While Scully examines the torso, she receives a call from her brother Bill informing her that their mother has been admitted to the ICU across town following a heart attack. However when she first grabs her phone, she misreads the display, briefly seeing it read simply, “William”.
Clearly in deep shock, Scully leaves at Mulder’s behest, and he continues the investigation, looking through security camera footage from the previous night. He notes that the graffiti he spotted earlier has appeared overnight. Leaving the office to look into it further, he discovers a filthy band-aid stuck to the sole of his shoe.
Scully arrives at her mother Maggie’s bedside, finding her intubated. A nurse informs her that Maggie awoke briefly and asked for Charlie, her youngest son from whom she is estranged. Scully speaks to her unconscious mother, recalling her own time in a coma following her abduction over twenty years before, and reminding her mother of all the people who are still here for her. She begs her mother not to “go home yet”.
Mulder stumbles across an argument between Mr. Landry and Nancy Huff, the president of a nearby school board. The pair exposits their argument for Mulder’s (and our) benefit. Landry wants to move the homeless along and into an old abandoned hospital so he can build a new apartment building, Huff wants the “downtown people” as she calls them (with a superior air) kept away from the hospital which is only blocks away from her high school.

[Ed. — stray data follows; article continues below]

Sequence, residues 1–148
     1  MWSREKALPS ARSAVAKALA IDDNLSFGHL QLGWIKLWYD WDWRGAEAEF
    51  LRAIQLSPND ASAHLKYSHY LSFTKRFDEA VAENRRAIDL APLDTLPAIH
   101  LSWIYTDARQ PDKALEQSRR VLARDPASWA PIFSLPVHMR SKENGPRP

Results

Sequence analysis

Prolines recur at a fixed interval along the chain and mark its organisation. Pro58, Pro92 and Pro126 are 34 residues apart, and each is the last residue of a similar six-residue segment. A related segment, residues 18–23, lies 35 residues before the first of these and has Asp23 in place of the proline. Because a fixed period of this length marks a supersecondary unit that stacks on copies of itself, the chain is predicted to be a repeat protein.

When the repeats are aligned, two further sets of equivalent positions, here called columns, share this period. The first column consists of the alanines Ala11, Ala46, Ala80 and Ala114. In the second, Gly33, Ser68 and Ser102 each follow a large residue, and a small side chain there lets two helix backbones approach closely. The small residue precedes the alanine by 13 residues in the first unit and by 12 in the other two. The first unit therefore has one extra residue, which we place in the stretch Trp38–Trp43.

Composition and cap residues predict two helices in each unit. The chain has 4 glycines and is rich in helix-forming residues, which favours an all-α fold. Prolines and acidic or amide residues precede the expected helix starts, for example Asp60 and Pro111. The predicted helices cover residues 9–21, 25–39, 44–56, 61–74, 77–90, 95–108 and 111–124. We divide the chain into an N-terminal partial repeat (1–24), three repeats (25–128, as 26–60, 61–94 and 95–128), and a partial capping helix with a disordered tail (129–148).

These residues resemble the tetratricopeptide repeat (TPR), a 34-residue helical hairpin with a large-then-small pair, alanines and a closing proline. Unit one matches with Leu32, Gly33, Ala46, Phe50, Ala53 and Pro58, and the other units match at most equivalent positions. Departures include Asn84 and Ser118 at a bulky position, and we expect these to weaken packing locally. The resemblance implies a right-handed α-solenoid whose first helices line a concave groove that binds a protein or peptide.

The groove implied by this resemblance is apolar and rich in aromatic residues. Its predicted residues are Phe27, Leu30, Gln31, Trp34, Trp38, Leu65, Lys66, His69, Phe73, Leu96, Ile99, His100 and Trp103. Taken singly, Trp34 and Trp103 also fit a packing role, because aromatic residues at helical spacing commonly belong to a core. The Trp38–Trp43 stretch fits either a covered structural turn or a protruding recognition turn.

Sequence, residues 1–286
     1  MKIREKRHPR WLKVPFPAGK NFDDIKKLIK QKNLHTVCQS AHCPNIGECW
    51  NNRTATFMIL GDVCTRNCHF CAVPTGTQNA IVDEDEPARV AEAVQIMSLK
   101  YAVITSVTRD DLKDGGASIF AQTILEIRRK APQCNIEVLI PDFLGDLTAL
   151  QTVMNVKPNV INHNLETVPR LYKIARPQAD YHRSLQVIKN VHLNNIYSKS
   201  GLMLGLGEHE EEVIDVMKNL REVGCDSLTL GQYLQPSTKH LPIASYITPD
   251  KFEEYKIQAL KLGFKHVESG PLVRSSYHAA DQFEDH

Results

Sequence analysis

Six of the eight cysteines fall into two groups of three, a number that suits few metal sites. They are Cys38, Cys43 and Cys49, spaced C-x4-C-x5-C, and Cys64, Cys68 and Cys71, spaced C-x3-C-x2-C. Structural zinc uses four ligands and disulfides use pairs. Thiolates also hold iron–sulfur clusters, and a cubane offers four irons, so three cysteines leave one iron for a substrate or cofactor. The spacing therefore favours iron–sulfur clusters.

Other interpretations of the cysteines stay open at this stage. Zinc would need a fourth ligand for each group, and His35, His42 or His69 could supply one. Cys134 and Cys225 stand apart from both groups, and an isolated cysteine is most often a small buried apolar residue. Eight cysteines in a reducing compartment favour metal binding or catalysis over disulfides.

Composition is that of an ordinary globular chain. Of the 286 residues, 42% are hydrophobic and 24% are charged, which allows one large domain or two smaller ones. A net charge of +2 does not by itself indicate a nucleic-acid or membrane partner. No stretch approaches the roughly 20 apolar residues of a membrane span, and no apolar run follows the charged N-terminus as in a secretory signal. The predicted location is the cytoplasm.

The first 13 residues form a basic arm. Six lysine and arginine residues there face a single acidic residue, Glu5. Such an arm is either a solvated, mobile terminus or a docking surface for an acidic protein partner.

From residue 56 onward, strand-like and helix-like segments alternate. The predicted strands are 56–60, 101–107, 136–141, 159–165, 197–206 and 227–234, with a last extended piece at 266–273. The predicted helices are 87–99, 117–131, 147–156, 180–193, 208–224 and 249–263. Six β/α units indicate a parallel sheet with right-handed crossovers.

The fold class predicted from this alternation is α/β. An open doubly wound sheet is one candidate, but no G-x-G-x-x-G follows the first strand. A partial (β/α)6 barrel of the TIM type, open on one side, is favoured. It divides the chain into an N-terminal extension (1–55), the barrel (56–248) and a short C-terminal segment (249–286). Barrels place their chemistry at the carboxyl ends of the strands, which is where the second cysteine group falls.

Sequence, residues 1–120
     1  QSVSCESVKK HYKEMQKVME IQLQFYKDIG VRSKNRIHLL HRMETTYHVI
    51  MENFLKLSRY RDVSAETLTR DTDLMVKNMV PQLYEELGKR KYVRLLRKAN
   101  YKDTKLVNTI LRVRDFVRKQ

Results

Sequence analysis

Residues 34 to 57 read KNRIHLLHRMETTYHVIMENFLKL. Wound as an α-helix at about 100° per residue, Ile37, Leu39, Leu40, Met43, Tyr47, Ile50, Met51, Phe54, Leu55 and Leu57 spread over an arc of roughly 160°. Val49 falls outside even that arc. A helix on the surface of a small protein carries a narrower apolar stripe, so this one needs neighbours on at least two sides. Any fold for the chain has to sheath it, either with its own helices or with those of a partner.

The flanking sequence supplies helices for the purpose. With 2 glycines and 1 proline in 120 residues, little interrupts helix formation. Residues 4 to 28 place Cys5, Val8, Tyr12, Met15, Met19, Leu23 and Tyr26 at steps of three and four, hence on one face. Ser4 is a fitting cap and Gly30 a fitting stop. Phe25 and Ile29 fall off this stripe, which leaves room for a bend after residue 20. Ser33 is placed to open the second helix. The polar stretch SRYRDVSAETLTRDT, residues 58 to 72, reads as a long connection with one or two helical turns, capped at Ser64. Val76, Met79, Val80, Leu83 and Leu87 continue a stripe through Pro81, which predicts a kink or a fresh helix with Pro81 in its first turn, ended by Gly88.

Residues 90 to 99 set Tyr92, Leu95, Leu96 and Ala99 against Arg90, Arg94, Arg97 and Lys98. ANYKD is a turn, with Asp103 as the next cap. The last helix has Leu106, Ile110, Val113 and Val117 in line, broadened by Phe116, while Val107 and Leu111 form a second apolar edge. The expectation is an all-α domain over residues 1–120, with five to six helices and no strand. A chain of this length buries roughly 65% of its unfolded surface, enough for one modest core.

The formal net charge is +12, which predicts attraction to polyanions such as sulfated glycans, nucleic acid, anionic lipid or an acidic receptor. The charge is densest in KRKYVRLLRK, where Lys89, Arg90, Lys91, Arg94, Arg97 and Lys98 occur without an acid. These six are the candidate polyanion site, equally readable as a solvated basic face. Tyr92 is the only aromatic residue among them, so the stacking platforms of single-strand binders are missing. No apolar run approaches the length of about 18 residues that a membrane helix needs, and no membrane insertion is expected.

The pair both claim to have the best interests of the homeless in mind, but Mulder calls them out on this, pointing out that really, they both only have their own interests at heart. “Who really speaks for [the homeless]?” he asks. “The band-aid nose man,” a nearby homeless man pipes up. Mulder asks the man what he means but he just smiles and slides away. When Mulder looks up, he realizes that the graffiti has vanished.
At her mother’s bedside, Scully recalls Mulder visiting her during her own coma. She goes through an envelope of her mother’s possessions, discovering an old quarter on a chain. Bill calls from Frankfurt but she refuses to give him an answer about whether or not their mother might die before he can get there. The pair briefly argues about their mother’s living will and whether or not to keep her on life support, Scully telling him that she discussed these possibilities with Maggie years before and that their mother wanted them to “do everything possible” to keep her alive.